Robert O. Young is a cancer quack who claims to be a naturopath who promotes what he calls “pH Miracle Living.” He claims that cancer is caused by excess acid and that the way to prevent and cure cancer is to “alkalinize the blood.” Two and a half years ago, he was convicted of practicing medicine without a license. A week and a half ago, a woman whose breast cancer progressed to incurable while being treated by Young won a $105 million settlement in a lawsuit against him. Maybe civil suits can succeed where state medical boards have failed.
Earlier this week, a new survey from the American Society of Clinical Oncology showed that belief in alternative cancer cures is common, with roughly four out of ten Americans believing that "natural" alternative treatments alone can cure cancer, without any conventional oncologic therapies, like chemotherapy, surgery, and radiation therapy. This survey points to just how ingrained misinformation about cancer is in our society and how much work advocates of science-based oncology have ahead of them to combat it.
“Integrative oncology” involves “integrating” pseudoscience, mysticism, and quackery with science-based oncology and co-opting science-based lifestyle modalities as “alternative” in order to provide cover for the quackery. Unfortunately, my alma mater, funded by the National Cancer Institute, is running a course to indoctrinate 100 health care professionals in the ways of “integrative oncology.” The Trojan horse of “lifestyle interventions” and “nonpharmacologic treatments for pain” is at the gates. The quackery will leap out as soon as it’s in the fortress.
Cancer is an incredibly complicated disease. It's not just differences in genetics and biology that determine outcomes, either. Cancer disparities is the study of factors that result in differences in outcome. Not surprisingly, money matters.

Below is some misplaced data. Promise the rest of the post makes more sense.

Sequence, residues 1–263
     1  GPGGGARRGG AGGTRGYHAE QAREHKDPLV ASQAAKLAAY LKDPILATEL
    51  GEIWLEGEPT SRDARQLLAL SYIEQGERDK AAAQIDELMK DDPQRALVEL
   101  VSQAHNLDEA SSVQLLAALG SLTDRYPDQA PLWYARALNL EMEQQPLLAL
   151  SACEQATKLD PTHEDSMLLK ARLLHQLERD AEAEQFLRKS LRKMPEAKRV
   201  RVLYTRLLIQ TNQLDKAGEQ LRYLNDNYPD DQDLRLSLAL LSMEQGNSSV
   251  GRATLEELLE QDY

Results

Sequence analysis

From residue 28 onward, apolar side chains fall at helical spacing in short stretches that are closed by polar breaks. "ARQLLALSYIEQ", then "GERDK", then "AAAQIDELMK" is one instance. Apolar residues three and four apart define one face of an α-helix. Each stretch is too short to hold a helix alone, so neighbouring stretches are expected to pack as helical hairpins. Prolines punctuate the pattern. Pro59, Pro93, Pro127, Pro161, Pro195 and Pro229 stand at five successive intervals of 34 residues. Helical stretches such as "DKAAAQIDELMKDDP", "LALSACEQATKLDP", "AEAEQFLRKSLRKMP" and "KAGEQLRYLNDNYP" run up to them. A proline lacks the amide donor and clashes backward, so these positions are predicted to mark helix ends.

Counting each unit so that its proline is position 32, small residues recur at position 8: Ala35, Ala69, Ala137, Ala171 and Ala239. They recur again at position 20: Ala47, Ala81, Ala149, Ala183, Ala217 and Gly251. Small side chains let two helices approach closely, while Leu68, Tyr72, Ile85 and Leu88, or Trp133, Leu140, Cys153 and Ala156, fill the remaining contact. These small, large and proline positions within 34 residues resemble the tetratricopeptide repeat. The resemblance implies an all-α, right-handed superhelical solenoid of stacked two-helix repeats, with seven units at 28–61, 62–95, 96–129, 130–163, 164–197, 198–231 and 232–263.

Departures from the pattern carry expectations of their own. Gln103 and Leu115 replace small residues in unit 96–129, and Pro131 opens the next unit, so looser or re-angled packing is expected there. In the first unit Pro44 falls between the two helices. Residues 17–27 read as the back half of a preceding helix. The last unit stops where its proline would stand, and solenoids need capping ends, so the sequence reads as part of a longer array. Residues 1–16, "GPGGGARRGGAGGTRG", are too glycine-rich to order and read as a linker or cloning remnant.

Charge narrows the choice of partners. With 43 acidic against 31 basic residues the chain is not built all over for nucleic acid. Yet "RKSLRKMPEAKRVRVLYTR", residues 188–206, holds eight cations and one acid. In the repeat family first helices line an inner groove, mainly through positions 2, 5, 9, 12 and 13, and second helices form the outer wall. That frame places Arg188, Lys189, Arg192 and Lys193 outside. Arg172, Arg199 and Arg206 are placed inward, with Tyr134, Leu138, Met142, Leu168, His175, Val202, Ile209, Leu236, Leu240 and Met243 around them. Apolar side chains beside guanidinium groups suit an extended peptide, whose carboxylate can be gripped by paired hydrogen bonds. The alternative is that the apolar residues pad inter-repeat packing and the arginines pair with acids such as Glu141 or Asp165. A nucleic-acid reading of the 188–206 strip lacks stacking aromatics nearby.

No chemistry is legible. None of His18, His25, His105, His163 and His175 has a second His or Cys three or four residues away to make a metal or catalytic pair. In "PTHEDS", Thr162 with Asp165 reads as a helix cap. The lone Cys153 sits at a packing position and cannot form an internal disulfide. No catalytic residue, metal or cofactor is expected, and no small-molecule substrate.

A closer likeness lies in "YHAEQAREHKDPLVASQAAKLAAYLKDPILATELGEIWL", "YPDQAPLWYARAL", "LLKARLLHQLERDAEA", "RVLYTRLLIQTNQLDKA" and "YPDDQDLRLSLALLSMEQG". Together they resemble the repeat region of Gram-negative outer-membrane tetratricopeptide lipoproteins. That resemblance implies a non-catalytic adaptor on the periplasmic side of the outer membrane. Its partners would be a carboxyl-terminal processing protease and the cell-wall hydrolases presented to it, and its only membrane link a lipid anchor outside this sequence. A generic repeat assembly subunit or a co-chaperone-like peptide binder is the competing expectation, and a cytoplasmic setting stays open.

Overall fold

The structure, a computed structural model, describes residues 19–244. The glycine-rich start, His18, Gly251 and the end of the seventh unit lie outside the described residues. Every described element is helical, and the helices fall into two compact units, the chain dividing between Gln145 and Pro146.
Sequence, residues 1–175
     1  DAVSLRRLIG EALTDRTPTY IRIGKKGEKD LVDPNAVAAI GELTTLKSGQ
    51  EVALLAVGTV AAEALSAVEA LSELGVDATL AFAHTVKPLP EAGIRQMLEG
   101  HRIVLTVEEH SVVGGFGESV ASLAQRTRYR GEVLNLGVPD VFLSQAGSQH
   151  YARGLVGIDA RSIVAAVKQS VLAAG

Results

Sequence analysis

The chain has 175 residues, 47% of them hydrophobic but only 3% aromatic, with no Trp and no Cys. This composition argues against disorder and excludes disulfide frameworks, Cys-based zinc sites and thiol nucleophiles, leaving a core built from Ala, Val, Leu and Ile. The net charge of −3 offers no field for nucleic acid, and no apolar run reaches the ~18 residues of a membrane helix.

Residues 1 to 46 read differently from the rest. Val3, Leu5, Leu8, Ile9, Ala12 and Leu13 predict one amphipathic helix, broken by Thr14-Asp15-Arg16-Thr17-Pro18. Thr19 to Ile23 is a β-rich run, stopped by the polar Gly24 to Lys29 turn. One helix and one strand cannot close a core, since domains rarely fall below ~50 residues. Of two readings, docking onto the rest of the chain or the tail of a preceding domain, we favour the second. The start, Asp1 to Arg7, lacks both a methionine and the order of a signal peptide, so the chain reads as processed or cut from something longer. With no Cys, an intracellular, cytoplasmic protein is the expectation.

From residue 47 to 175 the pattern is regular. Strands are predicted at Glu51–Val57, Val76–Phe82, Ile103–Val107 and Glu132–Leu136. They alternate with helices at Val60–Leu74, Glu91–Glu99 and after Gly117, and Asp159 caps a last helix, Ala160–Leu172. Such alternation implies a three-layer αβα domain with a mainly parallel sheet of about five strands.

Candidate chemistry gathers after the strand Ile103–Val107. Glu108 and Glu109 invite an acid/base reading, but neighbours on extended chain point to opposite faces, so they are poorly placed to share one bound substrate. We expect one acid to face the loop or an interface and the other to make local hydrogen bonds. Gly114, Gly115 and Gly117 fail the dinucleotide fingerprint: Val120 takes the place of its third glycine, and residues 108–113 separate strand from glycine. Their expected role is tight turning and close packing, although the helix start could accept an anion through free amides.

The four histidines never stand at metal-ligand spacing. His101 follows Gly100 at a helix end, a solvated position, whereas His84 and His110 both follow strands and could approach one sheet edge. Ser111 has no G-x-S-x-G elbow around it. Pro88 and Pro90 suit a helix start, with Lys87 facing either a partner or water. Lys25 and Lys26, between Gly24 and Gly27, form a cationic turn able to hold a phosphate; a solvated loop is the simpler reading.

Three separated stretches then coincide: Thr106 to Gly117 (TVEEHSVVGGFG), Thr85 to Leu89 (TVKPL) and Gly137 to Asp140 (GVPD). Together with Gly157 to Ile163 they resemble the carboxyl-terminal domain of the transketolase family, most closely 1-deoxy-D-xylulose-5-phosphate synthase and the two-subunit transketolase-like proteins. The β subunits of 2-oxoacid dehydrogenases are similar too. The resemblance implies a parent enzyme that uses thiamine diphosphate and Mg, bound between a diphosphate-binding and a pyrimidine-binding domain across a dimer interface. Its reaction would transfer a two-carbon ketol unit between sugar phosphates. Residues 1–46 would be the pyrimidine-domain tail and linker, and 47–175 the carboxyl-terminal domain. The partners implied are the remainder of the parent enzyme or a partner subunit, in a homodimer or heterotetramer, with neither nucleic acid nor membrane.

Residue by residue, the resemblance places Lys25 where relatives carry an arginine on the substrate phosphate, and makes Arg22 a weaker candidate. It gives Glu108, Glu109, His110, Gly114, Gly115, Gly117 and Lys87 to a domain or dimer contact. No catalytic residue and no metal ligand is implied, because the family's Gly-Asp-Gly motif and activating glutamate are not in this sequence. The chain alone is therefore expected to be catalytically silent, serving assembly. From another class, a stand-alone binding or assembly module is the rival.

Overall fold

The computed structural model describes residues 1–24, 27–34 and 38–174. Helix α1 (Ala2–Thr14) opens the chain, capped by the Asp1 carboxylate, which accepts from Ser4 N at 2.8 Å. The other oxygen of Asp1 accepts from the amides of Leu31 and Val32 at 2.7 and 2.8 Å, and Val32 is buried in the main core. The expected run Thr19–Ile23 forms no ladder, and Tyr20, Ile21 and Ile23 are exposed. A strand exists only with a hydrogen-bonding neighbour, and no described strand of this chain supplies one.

Dugald Seely, ND (Not-a-Doctor) is a Canadian naturopathic oncologist who's made quite the.name for himself cosplaying a real clinical researcher. What he really studies, unfortunately, is combining naturopathic quackery with real medicine. Basically, he's cosplaying a real clinical researcher, and crappy clinical trials are his props.
Patients with cancer frequently use online crowdfunding to pay for trips to quack clinics. The Good Thinking has undertaken an investigation that is the first to suggest the extent of the problem. The question is: What to do about it?
We know that alternative medicine use is associated with poorer survival in cancer, but what about the use of so-called "complementary medicine," "complementary and alternative medicine," or "integrative medicine"? Bad news. There's still a negative correlation between the use of pseudoscientific and unproven medicine and cancer survival, even when used with conventional cancer therapy rather than instead of it.
A recent spate of articles over the last couple of days report that Elle Macpherson is dating an antivaccine "icon," disgraced antivaccine doctor and scientific fraud Andrew Wakefield. Given her love of "alkaline diet" woo, which she sells through her very Goop-like Wellco website, the attraction shouldn't be surprising. It is, nonetheless, troubling. It wouldn't surprise me if Macpherson is antivaccine herself, given that in "alkaline diet" lingo, vaccines are often viewed as "toxic acid" insults that "alkalinization" can reverse.
Gayle Delong is an economist who thinks she's an epidemiologist. Consistent with that delusion, her latest study of HPV vaccination is all amateurs hour, in which she misses a major potential confounder on her way to "proving" that HPV vaccination could be associated with decreased fertility in young women.
Cancer quacks frequently characterize conventional treatments for cancer as "cutting, poisoning, and burning." Yet, in Australia a woman with ovarian cancer chose black salve, in essence, "cutting, poisoning, and burning" (but mostly burning and without the cutting) to treat her disease. She died a horrible death. How can black salve still be a thing.